My parents and grandparents were keen on ice cream, too. Me... not so much. lolDelete
The directions for making ice cream had me thinking, oh my what a lot of work. So glad the Victorians persevered and we enjoy ice cream to this day. I vaguely remember the ice cream maker....we didn't have one but I think our neighbor on the farm had one and I must have "helped". In my very first historical, I had a scene about my hero and heroine having some in an ice cream parlor. Now I crave a float. You always post such interesting articles, Kaye.ReplyDelete
Making ice cream was a lot of work, but it must have been worth the trouble and effort. My family had hand crank and electric ice cream makers.Delete
I haven't had homemade ice cream in over a decade. You made me want some homemade peach ice cream.ReplyDelete
Homemade ice cream is a treasured delicacy in my husband's family. They go nuts over it.Delete
You have my mouth watering for homemade ice cream, too. As a kid, I remember taking turns at my grandparents house hand-cranking ice cream.ReplyDelete
I remember the hand-crank ice cream makers, too. I was one of the kids that had the 'privilege' (*wink*) of standing on the top of the crank apparatus to keep it pressed down on the wooden bucket as the ice cream thickened and it became harder to crank. The apparatus would pop up if there wasn't a gullible kid around. lolDelete
Dourmar Cones and Barbecue is a little restaurant in Norfolk, VA. Their big claim to fame is the waffle cone. Mr. Doumar invented it. They still make their cones the same way today even though it's the great-granddaughter's husband who is making them. Off the top of my head, the cone was invented during a World's Fair in the 1890's. Previously ice cream was served up in a paper cone. It didn't take too long until the flat-bottomed cone was invented.ReplyDelete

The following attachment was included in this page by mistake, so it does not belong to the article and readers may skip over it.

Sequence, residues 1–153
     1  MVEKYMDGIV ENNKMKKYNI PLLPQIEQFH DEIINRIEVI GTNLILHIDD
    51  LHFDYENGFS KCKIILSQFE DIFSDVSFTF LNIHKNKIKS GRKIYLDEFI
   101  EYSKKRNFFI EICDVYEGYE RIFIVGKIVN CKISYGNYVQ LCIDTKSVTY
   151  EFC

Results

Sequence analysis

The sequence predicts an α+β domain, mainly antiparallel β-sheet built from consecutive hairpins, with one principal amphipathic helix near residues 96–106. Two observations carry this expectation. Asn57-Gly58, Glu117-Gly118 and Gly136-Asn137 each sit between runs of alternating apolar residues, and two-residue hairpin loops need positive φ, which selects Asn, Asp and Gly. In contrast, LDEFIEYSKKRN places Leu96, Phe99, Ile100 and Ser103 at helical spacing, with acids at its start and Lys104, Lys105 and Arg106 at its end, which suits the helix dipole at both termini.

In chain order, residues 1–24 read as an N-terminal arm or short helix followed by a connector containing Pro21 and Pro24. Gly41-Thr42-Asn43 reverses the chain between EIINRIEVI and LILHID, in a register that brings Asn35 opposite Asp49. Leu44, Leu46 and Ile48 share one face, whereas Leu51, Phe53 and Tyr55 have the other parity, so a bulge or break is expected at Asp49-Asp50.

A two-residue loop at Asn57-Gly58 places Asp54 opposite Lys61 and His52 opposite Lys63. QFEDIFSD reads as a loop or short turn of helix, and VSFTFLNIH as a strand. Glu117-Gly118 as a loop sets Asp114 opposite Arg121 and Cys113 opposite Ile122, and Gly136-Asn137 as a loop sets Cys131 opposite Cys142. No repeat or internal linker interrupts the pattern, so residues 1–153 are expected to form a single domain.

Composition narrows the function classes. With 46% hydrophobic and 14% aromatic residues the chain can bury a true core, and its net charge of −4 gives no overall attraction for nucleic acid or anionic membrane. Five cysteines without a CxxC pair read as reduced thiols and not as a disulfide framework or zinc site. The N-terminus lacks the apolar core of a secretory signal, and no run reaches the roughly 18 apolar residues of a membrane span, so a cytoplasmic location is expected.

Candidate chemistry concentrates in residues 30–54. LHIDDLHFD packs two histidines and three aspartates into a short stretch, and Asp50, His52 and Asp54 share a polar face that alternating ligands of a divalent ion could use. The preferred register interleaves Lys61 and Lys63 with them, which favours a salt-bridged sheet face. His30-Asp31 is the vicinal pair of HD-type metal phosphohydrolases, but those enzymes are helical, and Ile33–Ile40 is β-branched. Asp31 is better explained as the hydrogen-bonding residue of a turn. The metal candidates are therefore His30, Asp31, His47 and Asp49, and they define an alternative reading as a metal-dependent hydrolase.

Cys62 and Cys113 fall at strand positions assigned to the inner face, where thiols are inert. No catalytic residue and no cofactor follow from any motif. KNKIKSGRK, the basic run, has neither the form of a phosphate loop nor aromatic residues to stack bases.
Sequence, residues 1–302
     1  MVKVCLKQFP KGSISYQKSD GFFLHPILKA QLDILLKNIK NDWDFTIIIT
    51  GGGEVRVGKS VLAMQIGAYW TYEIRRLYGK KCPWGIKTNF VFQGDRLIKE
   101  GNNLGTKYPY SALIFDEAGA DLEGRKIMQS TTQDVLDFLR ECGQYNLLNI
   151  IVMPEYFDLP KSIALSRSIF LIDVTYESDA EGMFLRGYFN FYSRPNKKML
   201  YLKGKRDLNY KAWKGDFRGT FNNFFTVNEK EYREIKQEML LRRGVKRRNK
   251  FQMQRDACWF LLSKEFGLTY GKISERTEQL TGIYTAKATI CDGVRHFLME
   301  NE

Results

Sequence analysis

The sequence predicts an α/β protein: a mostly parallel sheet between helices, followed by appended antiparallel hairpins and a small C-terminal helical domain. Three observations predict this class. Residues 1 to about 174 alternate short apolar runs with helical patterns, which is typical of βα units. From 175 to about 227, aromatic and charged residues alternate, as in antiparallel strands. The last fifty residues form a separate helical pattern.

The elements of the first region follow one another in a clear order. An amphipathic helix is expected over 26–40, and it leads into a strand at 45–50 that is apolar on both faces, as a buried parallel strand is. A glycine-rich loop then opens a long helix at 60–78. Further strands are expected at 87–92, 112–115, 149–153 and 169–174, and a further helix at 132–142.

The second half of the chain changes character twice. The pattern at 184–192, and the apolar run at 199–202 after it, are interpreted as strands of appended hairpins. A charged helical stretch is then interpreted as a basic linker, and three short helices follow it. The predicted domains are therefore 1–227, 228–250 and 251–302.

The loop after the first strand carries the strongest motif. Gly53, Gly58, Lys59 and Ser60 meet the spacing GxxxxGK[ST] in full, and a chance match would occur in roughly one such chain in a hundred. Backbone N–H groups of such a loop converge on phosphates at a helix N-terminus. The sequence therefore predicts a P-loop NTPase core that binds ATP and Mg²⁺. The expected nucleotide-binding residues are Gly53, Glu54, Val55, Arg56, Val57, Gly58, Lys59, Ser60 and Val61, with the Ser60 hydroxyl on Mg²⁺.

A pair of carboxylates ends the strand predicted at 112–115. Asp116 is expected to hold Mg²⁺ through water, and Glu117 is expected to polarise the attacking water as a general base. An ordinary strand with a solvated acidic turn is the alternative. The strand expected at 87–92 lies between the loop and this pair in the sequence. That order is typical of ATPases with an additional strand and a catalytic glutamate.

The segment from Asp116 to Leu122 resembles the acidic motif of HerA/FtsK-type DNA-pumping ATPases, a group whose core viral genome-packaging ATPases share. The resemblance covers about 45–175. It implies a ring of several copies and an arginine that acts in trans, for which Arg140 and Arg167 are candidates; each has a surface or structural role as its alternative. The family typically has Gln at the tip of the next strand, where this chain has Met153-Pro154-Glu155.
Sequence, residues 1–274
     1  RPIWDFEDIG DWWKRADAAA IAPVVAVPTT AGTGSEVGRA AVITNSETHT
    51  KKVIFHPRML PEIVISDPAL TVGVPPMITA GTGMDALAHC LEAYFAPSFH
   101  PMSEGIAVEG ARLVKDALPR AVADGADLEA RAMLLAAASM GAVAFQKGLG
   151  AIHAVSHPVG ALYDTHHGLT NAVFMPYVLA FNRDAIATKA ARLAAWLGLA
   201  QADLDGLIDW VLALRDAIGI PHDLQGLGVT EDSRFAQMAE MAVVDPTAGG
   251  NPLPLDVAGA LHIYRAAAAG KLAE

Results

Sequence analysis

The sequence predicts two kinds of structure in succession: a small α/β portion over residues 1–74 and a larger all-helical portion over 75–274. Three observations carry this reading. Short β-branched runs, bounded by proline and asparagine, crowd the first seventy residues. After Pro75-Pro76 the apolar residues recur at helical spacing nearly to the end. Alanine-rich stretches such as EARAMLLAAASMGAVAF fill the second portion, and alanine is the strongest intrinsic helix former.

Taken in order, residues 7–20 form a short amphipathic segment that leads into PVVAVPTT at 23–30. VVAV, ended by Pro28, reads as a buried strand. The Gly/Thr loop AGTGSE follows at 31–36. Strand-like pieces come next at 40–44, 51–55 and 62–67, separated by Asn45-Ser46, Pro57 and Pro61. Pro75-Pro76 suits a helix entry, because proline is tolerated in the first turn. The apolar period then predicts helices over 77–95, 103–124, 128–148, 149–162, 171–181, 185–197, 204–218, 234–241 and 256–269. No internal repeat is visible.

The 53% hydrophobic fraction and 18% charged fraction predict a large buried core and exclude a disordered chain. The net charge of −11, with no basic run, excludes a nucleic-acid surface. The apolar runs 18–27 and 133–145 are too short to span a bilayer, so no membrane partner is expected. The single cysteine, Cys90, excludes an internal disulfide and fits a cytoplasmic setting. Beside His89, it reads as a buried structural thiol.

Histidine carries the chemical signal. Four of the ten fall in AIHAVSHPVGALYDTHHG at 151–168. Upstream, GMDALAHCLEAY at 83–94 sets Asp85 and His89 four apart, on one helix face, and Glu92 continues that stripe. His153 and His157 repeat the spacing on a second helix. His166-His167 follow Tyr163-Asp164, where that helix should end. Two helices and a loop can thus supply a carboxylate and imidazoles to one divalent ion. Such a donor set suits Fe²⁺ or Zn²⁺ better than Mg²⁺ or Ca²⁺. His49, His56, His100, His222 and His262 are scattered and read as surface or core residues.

But if you ever get to Norfolk, VA, Doumar's is worth the trip. Sit in car and someone on skates is going to come get your order. A pulled-pork (barbecue) sandwich is a must, and follow it with an ice cream cone filled with your favorite ice cream. Just a little piece of history that is still surviving.
I love making my own ice cream, especially this time of year when the strawberries and blueberries are fresh from the fields. Fresh cream and fresh fruit - what's makes not to like? I have an ice cream maker that makes a quart. That's the perfect amount. 4-6 people get a nice scoop - no leftovers to tempt me. :-)
This is a delightful snippet of living history. If I didn't live so far from Virginia, I'd love to visit the Dourmar Cones and Barbecue. In my teaching days, I'd bring the ingredients to class for the students to make their own ice cream in a bag or ice cream in a can. It was always the highlight of their day.ReplyDelete
All of us of a certain age have sweet memories of hand-cranked ice cream I also included an ice cream parlor scene in my first book, HUACHUCA WOMAN,where Josephine and her twin boys meet up with Pancho Villa who teaches the boys lessons about racism.ReplyDelete